The Damnok Toek Organisation, a local NGO, is set to hold a walking campaign on August 25 in Kep province, with the aim of increasing awareness regarding the rights and capabilities of individuals with intellectual disabilities.
Leading the event will be beneficiaries and staff from Damnok Toek Kep, EpicArts, Komar Pikar Foundation (KPF) and Kampuchea Sela Handicap (KSH), as stated in a press release from the NGO on August 22.
Joining them will be representatives from the provincial Department of Social Affairs, Veterans and Youth Rehabilitation, local authorities and community members, with 60 to 70 participants expected to attend.
“Simultaneous processions will begin with one group starting their walk from the Damnak Chang Auer market and the other group starting from Kep Secondary School. Tuk-tuks will be available for those who cannot walk and do not have wheelchairs,” Sarah Saunders, communications lead at Damnok Toek, told The Post.
The walk will begin at 8am and the two groups will converge at Damnok Toek’s Kep Project Site at 9:30am.
The event will feature speeches by representatives from the department, Damnok Toek, KSH and KPF.
EpicArts is scheduled to present a performance showcasing the abilities of individuals with disabilities. Additionally, products crafted by people with intellectual disabilities will be offered to attendees.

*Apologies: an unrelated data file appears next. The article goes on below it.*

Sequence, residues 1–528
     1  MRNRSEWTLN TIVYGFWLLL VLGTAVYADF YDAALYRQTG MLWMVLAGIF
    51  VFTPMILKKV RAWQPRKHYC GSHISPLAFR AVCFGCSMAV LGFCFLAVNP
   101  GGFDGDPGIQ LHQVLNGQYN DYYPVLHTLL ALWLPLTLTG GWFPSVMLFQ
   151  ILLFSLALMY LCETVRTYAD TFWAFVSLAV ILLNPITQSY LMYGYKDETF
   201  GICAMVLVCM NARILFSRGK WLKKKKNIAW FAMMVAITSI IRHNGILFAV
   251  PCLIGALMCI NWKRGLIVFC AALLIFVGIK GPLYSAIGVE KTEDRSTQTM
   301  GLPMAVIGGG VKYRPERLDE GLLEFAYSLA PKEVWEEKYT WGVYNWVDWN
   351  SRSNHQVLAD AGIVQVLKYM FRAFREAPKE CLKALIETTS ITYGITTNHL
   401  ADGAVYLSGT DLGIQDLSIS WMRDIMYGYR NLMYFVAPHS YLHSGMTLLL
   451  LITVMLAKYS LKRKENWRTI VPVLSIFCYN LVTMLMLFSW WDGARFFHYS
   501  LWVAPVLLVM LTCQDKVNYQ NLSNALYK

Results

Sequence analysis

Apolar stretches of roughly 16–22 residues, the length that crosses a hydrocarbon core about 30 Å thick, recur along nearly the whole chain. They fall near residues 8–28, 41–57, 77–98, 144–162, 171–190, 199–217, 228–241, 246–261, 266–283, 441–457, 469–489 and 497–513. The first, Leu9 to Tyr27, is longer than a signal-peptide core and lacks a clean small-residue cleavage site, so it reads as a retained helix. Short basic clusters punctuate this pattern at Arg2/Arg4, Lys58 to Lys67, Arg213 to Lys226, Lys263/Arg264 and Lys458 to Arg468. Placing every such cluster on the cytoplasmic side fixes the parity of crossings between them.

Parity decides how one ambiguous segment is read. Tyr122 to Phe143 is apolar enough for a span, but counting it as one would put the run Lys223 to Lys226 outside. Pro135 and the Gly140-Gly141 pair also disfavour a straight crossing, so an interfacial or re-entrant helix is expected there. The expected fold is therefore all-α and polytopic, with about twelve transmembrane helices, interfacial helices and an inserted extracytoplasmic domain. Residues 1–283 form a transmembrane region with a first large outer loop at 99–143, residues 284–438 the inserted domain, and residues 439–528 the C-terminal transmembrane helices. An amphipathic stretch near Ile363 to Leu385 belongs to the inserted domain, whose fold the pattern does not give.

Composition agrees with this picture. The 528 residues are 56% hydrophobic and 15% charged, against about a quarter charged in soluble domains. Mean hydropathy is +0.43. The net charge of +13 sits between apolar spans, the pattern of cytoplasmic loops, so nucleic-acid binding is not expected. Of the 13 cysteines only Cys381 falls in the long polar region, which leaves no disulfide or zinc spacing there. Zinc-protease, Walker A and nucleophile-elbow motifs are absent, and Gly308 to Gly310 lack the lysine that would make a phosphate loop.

Since 2016, Damnok Toek has operated a residential centre in Kep for young adults. The organisation recently introduced the Semi-Assisted Living Arrangement (SILA), which empowers residents to handle their daily tasks and acquire skills necessary for future independent living and work within the community.
This initiative is part of a broader effort to foster inclusivity for individuals with disabilities in the local community. DamnokToek residents have been actively engaging in regular beach trips, participating in markets, collaborating with NGOs for various events and contributing to local area clean-ups.
The central objective of the NGO is to enhance understanding of intellectual disabilities among the Kep community. The organisation aims to facilitate increased interaction between community members both with and without disabilities, ultimately paving the way for enhanced employment opportunities for their beneficiaries in Kep.
“Uniting the community is crucial not solely for promoting awareness of disability rights, but also for creating tangible pathways for social integration and employment for individuals with intellectual disabilities,” said the NGO’sexecutive director, Sam Sovannarith.
He expressed the organisation’s intent to host similar events in the future, in collaboration with other disability-focused organisations, all aimed at achieving their core goals.